Wednesday, July 24, 2002

Thought of the day: Finding the ordinary-ness in the extraordinary. One of the functions of beginning my career in Chicago is to take the city off the pedestal in occupied in my mind. In my constant weekend trips down here throughout college, and even during my semester down here last fall, I revered Chicago as a celestial city, an image the city's majestic skyscrapers and ethereal relationship with Lake Michigan may invoke in the newcomer. But now I live here, and am starting to get used to the ordinary-ness of it. It doesn't cease to be a fascinating place, nor my favorite city on earth, but Chicago is composed of ordinary people, going about ordinary business on streets and sidewalks, businesses and parks like anywhere else. At first I, my mind wrapped around postcards, found that surprising.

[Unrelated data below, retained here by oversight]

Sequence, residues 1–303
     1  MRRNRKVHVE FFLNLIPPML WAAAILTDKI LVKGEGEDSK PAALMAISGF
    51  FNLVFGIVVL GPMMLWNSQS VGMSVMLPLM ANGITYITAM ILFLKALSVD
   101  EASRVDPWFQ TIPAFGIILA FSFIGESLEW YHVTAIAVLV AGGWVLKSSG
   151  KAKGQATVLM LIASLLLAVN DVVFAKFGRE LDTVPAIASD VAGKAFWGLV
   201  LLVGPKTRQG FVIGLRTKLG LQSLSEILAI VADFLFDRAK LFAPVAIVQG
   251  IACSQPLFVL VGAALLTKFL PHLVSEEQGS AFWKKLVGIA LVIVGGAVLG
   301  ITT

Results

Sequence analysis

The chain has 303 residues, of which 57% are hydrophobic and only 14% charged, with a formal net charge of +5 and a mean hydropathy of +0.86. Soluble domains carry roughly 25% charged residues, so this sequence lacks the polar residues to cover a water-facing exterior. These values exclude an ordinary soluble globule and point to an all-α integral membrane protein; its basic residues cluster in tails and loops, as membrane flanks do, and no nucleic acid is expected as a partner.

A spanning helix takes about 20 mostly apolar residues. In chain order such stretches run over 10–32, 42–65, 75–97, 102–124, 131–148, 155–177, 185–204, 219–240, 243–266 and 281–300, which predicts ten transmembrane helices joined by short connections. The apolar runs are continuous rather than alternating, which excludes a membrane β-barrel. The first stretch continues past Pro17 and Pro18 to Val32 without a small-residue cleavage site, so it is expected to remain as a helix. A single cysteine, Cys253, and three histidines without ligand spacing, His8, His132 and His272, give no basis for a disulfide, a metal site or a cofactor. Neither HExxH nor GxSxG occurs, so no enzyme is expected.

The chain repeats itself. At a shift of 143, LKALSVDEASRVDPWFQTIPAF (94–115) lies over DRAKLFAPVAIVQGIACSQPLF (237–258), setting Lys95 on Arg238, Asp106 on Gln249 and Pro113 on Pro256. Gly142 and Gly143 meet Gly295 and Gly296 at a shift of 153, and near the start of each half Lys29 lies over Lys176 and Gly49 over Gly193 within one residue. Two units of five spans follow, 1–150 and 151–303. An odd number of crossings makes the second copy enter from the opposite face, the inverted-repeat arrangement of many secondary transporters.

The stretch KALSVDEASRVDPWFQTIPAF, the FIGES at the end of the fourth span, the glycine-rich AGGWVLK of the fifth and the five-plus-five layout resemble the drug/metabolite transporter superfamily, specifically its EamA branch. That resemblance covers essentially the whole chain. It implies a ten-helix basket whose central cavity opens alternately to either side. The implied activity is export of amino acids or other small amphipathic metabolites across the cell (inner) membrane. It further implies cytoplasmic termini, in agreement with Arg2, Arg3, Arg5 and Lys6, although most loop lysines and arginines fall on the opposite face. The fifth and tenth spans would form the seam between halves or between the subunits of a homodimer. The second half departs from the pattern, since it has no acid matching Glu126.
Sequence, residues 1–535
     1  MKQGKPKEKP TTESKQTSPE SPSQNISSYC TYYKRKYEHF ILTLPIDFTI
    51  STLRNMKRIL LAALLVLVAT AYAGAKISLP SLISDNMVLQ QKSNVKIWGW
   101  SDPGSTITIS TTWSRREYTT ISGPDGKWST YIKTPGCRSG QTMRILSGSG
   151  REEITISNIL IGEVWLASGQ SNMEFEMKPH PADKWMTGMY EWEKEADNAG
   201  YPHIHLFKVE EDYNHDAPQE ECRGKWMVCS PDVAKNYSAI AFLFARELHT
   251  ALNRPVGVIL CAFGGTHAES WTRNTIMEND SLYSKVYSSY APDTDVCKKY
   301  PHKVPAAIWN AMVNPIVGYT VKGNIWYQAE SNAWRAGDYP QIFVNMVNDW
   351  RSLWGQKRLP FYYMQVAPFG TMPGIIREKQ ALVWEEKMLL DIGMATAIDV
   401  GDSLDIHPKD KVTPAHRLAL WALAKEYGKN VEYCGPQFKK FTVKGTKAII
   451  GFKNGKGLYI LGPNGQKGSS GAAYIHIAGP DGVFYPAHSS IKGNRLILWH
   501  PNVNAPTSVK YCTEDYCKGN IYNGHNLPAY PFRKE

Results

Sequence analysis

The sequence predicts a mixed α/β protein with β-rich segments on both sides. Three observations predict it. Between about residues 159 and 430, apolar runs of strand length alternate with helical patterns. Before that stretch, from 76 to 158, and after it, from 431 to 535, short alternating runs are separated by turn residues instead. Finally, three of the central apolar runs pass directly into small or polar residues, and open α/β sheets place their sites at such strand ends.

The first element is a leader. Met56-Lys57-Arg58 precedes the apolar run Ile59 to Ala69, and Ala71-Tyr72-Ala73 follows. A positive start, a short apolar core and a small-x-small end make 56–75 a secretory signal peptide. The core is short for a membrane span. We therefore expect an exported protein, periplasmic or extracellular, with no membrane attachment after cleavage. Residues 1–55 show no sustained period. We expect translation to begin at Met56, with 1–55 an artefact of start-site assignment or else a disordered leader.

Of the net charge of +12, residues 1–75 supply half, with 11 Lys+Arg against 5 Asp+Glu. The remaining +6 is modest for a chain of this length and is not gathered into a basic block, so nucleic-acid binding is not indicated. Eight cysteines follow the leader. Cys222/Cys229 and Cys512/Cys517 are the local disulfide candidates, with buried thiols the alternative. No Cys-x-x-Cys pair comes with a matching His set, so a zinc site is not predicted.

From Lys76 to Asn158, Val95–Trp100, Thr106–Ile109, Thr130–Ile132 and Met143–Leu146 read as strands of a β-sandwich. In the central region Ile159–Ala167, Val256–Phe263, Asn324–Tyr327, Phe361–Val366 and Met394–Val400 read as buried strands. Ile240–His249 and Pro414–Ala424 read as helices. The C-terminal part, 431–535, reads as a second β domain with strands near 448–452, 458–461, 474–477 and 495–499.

I thought of that this morning while walking down the Magnificent Mile to work on a cool summer morning--a dream I never wanted to wake up from. While this glamorous stretch of Michigan Avenue is enjoyable, I (and most Chicago purists) bemoan how it is an artificial tourist construct--a pseudo-world tourists visit and then tell themselves they've been to Chicago. The city's true riches, seldom explored, are its historical neighborhoods South and West, in Oak Park, in unmarked lots (such as the one where the famous Haymarket Riots took place), and these are anything but touristy. And yet. Walking down Rush and then Michigan today I saw the most normal sights you can see--a doorman at a hotel, perhaps a student spending his summer lugging bags for the snooty; a worker hosing down the sidewalks of a streetside cafe, the security guards and cleaning ladies in the cathedral-like Tribune Tower where I, in awe, work. Ordinary people with ordinary stories, sadnesses, and delights, and ordinary energies as they carried them out (although city life does add a bit of a spark to people's step), despite their seemingly magical surroundings. But when I say "ordinary" I don't mean to drain the drama from these people's lives; as I writer, I'm convinced that each person is a book waiting to be written.

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